The village of Faui is situated alongside a clear mountain river at the edge of the towering central mountain range. The world’s only tropical glaciers and highest point between the Andes and Himalayas, the Carstenz Pyramid (Puncak Jaya) loom above, hidden in the clouds. The people of Faui and surrounding area speak a tonal language (comprising 8 tones), Iau. Though a completely different language than Fayu, it is descended from a common Lakes Plain language.
Travel to the interior requires prior approval and travel permits, known as a Surat Jalan. You must check in with both the police and military outposts (if present) at each location you’re traveling through. Faui has both a small military barracks of about 8 men and a police outpost of around 4. While everyone is friendly, these positions are held by Indonesians on hardship rotation from Java and other non-Papuan islands. Their facilities are protected by rows of 50-gallon drum barrels filled with rocks: there is a fine line between law enforcement and an occupying force, but right now, relationships seem to be good.
We stayed with Janet in her village house, spending the remainder of the day setting up our sleeping bags and mosquito nets, as well as helping Janet unpack. Alistair, master of all electronics, got to work hooking up the solar panels and diagnosing a faulty inverter. The boys had their first taste of sago though declined the roasted grubs that came along with it.
This was my first visit to Faui. My parents had visited on occasion, including a trip my father and brother made canoeing across several river systems and trekking through the jungle from Fayu territory to Iau. At the time, it was the only place with a functional airstrip to catch a ride on the Helio Courier back to Danau Bira.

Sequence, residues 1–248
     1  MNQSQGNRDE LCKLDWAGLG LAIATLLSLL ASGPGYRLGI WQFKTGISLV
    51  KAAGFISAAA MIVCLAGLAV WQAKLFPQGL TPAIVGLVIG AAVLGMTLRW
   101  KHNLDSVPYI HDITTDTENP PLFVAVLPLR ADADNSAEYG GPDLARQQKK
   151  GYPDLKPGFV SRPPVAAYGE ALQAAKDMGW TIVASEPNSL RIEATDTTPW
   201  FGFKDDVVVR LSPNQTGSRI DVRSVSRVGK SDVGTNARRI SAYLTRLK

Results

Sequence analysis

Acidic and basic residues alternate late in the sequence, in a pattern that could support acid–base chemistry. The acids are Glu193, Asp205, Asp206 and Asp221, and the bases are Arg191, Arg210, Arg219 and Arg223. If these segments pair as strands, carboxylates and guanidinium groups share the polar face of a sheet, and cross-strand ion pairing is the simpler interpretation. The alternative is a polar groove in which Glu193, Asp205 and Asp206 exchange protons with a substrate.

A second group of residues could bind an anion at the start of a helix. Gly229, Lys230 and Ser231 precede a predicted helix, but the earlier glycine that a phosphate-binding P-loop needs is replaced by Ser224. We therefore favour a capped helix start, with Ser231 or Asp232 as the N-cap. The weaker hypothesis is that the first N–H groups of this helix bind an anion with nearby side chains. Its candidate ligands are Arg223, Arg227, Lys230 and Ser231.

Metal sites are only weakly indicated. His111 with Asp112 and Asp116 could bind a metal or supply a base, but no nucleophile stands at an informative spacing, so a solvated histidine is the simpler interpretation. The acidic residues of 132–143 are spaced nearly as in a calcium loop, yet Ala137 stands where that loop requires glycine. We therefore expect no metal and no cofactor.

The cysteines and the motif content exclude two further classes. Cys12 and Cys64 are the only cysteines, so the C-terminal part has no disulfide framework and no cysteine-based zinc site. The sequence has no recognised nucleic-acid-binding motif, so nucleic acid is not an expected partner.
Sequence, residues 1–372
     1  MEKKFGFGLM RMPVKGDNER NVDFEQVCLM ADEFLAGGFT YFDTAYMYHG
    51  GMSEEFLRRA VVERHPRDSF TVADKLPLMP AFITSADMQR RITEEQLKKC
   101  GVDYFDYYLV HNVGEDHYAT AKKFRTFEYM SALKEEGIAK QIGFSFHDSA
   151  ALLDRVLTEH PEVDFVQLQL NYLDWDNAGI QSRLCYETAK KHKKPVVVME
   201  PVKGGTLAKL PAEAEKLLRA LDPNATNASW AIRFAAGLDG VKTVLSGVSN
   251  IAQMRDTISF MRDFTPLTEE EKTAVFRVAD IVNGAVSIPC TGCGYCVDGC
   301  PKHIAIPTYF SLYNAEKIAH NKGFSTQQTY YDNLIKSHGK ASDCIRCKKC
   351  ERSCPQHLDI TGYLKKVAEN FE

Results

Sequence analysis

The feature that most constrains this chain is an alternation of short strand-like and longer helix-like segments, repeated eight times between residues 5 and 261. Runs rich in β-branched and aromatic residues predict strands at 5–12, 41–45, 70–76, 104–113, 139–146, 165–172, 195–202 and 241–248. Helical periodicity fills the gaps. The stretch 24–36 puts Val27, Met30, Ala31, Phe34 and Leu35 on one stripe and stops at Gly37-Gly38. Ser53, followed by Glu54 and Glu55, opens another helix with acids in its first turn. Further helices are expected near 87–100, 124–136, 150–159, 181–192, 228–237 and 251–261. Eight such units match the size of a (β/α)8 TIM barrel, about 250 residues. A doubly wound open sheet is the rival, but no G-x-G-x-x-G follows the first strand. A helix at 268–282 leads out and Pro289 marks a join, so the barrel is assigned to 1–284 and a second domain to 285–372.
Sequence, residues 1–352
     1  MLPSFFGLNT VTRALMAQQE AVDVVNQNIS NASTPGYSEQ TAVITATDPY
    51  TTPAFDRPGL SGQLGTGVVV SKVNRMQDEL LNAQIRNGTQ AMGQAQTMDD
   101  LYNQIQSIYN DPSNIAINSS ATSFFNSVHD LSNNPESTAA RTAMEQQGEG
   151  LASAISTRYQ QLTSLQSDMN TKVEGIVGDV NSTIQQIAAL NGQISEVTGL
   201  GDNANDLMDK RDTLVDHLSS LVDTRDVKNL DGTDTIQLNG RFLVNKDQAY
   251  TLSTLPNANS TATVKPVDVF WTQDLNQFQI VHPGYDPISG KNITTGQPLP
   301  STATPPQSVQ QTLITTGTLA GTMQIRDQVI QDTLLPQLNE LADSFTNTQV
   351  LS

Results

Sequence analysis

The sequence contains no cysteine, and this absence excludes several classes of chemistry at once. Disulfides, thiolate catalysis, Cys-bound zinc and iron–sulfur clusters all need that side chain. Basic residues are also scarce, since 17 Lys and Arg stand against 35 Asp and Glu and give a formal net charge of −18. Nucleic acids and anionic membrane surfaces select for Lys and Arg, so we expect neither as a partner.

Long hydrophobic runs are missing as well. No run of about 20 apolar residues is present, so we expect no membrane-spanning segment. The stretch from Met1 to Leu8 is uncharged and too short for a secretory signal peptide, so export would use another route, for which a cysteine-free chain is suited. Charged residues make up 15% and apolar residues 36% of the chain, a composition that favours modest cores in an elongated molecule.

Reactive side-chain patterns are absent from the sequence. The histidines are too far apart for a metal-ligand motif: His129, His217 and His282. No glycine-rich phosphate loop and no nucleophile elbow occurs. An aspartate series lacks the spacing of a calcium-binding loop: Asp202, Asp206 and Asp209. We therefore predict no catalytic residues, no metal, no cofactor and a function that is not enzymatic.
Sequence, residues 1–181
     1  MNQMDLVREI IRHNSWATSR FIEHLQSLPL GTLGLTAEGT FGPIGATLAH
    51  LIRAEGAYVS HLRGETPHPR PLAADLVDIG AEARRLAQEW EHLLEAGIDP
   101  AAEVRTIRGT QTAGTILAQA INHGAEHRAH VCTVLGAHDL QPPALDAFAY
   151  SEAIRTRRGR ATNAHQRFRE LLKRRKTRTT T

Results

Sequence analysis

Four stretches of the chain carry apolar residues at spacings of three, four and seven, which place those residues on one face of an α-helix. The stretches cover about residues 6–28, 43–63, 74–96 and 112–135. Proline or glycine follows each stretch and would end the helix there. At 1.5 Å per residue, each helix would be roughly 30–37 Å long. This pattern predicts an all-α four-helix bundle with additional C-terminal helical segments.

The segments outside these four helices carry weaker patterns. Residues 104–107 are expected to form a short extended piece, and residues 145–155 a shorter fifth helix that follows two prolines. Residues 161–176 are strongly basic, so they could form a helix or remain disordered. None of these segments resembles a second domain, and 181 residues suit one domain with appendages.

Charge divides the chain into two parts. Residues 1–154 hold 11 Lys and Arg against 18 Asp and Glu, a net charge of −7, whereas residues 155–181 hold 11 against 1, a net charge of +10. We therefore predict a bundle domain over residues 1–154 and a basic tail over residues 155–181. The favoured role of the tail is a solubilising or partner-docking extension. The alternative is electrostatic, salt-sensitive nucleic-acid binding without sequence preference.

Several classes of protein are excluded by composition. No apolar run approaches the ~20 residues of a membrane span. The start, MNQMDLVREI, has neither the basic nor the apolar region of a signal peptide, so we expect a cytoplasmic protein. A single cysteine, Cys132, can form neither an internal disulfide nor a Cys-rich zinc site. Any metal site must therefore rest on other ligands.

The village includes a school and a basic medical facility, along with the government posts. Villagers live in huts spread out between fruit trees, vegetable gardens, and pathways. Chickens with identifying bits of string tied to a wing or leg, pigs, and dogs roam about freely.
We spent the next couple of days introducing the boys to village life, bathing in the river just before dusk, going to bed shortly after sunset, and rising at daybreak.
We decided to go out on a jungle trek the day after our arrival. The trail through the jungle was challenging. I had already sunk knee deep into the mud on several occasions and was faced with the realization that I was no longer a 20 something haphazardly gallivanting over tree trunks and through swampy river beds.
Now to my defense I was wearing my sandals. Unfortunately, though, they only contributed to my fall as I slid down a muddy embankment landing firmly with my sandals half off on top of a layer of sago thorns. The inch-long thorns embedded themselves into my heel as well as the bottom of my left foot. I was already behind the others (got to stop and smell the roses) and now was saddled with the task of pulling the thorns out of my foot. The two Faui villagers with me and I had a bonding moment. Sago palm thorns as no fun to pull out.
Giving the injured foot a rest, we took a dugout canoe several hours upriver to the village of Tirumo the following day. There is nothing like a spending several hours on a river weaving through the jungle landscape, how I had missed this! There is something about the never-ending sea of green that is compelling and calming.
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